Oregon State Bar Bulletin — OCTOBER 2006

Succeeding at Succession
Firms broach the issues of retirement and succession planning
By Cliff Collins

An old cartoon in a law journal sets the scene: A group of aged lawyers is seated around a long conference table, and the oldest, most wrinkled one says, "So it is moved and seconded — mandatory retirement age is now set at 90!"

Lawyers do a fine job of counseling their business clients to plan long-term. Unfortunately, that advice frequently is not self-applied.

Succession planning is "a highly sensitive topic for law firms," says Paul Burton, a Vancouver, Wash., professional development consultant to law firms. "Like any highly personal topic, it gets buried. People don’t want to talk about it."

Thinking about retirement, or handing the reins over to others, can be uncomfortable both for firms and individual attorneys. But not developing a second generation of leadership is a reason some firms don’t survive past their founders, legal consultants say.

Succession planning is one of those management issues that rarely gets attention until a senior partner or rainmaker announces plans to leave or retire, at which point the firm then goes into crisis mode, according to Alan R. Olson, a principal with Altman Weil Inc.

The nation’s demographics — with large numbers of attorneys in their 50s or more — are similar regardless of firm size, but "small firms may have very strong personalities driving" business. Their loss could be serious if succession planning has not been considered, says Burton, a former lawyer and dot-com entrepreneur who heads Vision Mechanix.

"You’re addressing the lifeblood of the firm," he says. "Major clients and their relationship to senior lawyers is pivotal to the long-term vitality of the firm. How are we going to make sure that relationship is going to continue and prosper? It’s sensitive — the ‘when’ question — of asking someone who has practiced for decades, ‘When are you going to quit?’ (And) there’s always the compensation part — how do we compensate the partner in transition? It’s a delicate, personal topic."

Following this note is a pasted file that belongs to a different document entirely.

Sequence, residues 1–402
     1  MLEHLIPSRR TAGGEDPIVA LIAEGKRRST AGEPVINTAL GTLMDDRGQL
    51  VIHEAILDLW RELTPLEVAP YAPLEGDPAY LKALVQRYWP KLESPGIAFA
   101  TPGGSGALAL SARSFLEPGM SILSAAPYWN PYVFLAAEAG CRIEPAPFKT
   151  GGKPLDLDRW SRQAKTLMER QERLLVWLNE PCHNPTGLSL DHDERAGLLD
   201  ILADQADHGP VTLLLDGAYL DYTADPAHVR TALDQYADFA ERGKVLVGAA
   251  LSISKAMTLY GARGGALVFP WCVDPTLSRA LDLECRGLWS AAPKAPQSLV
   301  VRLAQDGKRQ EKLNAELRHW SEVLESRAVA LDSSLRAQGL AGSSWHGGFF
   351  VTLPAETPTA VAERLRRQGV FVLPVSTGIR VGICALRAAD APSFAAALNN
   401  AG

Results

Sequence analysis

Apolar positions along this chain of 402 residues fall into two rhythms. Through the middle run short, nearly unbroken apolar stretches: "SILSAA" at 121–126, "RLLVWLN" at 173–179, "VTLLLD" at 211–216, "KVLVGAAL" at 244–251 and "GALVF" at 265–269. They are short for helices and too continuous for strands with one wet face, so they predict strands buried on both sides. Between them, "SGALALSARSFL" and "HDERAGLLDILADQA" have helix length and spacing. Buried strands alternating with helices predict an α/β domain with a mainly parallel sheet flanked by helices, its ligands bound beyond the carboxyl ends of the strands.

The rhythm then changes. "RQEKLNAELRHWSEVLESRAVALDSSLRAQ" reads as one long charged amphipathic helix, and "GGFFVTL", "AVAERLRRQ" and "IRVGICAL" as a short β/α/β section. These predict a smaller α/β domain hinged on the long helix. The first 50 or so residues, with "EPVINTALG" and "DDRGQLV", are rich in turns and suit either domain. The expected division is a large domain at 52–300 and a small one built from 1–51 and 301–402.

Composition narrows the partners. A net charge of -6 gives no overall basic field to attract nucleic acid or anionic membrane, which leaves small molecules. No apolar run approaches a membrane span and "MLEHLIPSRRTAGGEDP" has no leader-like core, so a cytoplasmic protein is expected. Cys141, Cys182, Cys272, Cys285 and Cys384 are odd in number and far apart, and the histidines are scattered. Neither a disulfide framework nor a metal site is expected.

A San Francisco firm that dealt with succession recounted that if the firm had one thing to do over, it would have been to pay more attention to compensation for retiring partners. Compensation should be modified to reflect the contributions of the founding partners as they spend less time billing hours and more time helping younger lawyers learn leadership tasks and skills.

Even firms that have broached the financial aspects of retirement planning may avoid an expanded view of succession planning, notes Olson. They may do little in the way of long-term succession planning for management, practices and client service. If a senior partner refers to his or her plans to work actively until retirement, no one wants to volunteer, "But you had better start delegating more in advance of that date."

Burton advises that a proactive approach is far better than a reactive one. Clients are aware that certain lawyers eventually will retire. Smart firms will prepare ahead of time for a broad spectrum of issues associated with senior-level partners’ departure from practice, before that crisis occurs. These issues may include, in addition to the continuation of client service and relationships: practice skills and expertise, firm governance and leadership roles, or functional management roles and experience. Olson adds that building new client relationships or developing new people for management roles sometimes takes many years.